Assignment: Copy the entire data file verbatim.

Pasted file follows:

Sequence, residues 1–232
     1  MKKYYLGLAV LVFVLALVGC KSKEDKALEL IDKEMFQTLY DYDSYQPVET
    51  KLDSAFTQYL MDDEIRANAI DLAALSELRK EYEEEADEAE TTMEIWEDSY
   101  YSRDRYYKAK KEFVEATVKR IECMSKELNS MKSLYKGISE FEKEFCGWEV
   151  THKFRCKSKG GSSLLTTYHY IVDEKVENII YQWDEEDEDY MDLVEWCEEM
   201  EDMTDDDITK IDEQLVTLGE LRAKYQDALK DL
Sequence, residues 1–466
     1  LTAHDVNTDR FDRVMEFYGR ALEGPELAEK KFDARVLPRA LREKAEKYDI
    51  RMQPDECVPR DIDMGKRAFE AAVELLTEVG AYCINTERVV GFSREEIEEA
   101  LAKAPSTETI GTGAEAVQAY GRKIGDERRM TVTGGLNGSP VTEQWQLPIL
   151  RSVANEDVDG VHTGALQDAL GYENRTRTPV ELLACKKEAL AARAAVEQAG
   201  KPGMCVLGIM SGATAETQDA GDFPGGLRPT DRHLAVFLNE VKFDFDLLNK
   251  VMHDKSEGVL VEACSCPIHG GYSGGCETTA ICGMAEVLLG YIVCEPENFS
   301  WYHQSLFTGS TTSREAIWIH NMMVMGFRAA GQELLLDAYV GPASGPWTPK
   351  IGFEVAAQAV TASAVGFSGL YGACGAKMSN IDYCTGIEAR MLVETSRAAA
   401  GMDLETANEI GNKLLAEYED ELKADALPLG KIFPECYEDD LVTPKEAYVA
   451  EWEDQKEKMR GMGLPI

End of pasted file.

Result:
Sequence, residues 1–232
     1  MKKYYLGLAV LVFVLALVGC KSKEDKALEL IDKEMFQTLY DYDSYQPVET
    51  KLDSAFTQYL MDDEIRANAI DLAALSELRK EYEEEADEAE TTMEIWEDSY
   101  YSRDRYYKAK KEFVEATVKR IECMSKELNS MKSLYKGISE FEKEFCGWEV
   151  THKFRCKSKG GSSLLTTYHY IVDEKVENII YQWDEEDEDY MDLVEWCEEM
   201  EDMTDDDITK IDEQLVTLGE LRAKYQDALK DL
Sequence, residues 1–466
     1  LTAHDVNTDR FDRVMEFYGR ALEGPELAEK KFDARVLPRA LREKAEKYDI
    51  RMQPDECVPR DIDMGKRAFE AAVELLTEVG AYCINTERVV GFSREEIEEA
   101  LAKAPSTETI GTGAEAVQAY GRKIGDERRM TVTGGLNGSP VTEQWQLPIL
   151  RSVANEDVDG VHTGALQDAL GYENRTRTPV ELLACKKEAL AARAAVEQAG
   201  KPGMCVLGIM SGATAETQDA GDFPGGLRPT DRHLAVFLNE VKFDFDLLNK
   251  VMHDKSEGVL VEACSCPIHG GYSGGCETTA ICGMAEVLLG YIVCEPENFS
   301  WYHQSLFTGS TTSREAIWIH NMMVMGFRAA GQELLLDAYV GPASGPWTPK
   351  IGFEVAAQAV TASAVGFSGL YGACGAKMSN IDYCTGIEAR MLVETSRAAA
   401  GMDLETANEI GNKLLAEYED ELKADALPLG KIFPECYEDD LVTPKEAYVA
   451  EWEDQKEKMR GMGLPI